“In the seminaries it seems there have been an inordinate number of students who are pointing toward some nonchurch type of ministry, such as teaching. Certainly teaching is a valid and needed ministry. I wouldn’t question the motives of anyone who plans to enter the teaching ministry. Yet I cannot help but feel that the attractiveness of teaching is increasing because the glamor of the local church as a place of service is decreasing.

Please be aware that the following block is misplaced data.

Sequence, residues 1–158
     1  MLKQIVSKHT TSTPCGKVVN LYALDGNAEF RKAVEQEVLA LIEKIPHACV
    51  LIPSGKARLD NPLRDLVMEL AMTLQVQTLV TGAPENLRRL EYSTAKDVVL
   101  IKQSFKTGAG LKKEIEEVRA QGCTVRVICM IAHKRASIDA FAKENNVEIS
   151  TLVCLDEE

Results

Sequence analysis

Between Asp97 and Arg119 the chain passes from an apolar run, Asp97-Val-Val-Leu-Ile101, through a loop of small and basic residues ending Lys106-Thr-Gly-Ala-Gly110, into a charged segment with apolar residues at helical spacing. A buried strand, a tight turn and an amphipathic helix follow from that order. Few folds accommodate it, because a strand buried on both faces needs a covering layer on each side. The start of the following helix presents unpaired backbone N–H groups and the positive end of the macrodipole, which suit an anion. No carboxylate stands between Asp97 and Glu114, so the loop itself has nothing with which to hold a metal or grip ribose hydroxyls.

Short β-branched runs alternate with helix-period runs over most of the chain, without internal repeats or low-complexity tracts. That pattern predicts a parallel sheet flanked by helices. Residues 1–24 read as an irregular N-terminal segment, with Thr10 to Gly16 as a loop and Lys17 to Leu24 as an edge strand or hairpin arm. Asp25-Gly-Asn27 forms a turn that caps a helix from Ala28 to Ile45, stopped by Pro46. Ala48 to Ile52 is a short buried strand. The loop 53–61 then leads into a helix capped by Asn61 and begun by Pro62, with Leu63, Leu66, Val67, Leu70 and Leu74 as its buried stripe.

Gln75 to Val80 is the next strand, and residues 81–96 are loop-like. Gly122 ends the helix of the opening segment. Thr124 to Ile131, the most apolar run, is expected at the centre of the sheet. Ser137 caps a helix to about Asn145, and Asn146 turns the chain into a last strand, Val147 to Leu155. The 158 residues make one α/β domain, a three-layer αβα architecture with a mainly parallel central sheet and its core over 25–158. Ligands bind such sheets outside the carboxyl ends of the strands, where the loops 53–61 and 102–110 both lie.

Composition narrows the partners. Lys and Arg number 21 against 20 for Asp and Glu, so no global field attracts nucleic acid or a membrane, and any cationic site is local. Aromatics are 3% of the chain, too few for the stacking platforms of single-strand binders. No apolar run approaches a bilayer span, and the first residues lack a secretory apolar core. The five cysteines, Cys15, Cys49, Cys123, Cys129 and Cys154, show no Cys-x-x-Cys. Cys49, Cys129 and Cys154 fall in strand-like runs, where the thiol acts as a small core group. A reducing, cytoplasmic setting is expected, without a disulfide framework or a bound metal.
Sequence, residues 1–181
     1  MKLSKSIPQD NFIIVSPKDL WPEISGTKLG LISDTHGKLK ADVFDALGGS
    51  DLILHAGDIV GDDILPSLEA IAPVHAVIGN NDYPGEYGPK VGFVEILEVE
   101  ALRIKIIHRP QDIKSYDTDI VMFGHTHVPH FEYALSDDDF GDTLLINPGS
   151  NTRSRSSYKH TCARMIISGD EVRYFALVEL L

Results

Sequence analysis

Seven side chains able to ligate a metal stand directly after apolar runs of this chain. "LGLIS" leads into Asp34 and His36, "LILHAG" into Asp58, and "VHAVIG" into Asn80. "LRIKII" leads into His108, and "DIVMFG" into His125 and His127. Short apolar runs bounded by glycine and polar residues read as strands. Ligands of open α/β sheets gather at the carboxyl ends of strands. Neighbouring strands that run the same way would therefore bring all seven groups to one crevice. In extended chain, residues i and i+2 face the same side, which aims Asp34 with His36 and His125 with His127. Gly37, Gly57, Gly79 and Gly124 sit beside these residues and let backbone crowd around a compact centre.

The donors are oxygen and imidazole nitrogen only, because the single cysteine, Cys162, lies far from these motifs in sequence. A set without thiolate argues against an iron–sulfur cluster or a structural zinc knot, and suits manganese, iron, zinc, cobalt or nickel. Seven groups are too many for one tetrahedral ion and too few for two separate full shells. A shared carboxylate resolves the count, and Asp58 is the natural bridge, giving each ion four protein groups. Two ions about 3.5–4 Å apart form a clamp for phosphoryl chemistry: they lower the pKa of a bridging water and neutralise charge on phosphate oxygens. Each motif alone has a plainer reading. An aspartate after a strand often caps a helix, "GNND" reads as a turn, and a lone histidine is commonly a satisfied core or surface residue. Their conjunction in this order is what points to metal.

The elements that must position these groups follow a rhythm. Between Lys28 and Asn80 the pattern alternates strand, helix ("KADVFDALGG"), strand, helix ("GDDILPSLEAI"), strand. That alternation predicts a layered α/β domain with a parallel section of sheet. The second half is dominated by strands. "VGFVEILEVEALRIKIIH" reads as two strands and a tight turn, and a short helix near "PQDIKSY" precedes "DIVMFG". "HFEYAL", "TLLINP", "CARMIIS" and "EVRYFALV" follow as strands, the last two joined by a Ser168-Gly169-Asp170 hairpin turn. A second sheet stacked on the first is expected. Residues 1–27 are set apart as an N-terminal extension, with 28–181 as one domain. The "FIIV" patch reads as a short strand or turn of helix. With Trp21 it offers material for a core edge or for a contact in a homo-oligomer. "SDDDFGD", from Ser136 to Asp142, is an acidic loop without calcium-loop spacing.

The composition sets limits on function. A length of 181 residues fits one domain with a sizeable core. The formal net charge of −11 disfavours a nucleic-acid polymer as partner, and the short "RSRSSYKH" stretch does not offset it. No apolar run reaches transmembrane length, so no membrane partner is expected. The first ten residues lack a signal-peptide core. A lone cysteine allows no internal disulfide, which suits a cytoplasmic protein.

Obviously each person must find his place of ministry under the leadership of the Holy Spirit. It is my judgment, however, that the local church presents one of the pivotal battlegrounds and one of the key opportunities for ministry in our time. A call to the local church may be a call to the most difficult spot—more difficult than a call to the world. It may be to the church that God is calling his most able men and women—that is, those most able to love, to suffer, to forgive, to be reviled and rejected yet continue to pray for those who despitefully use them.” [Findley B. Edge, The Greening of the Church (Waco, TX: Word, 1971), 19.]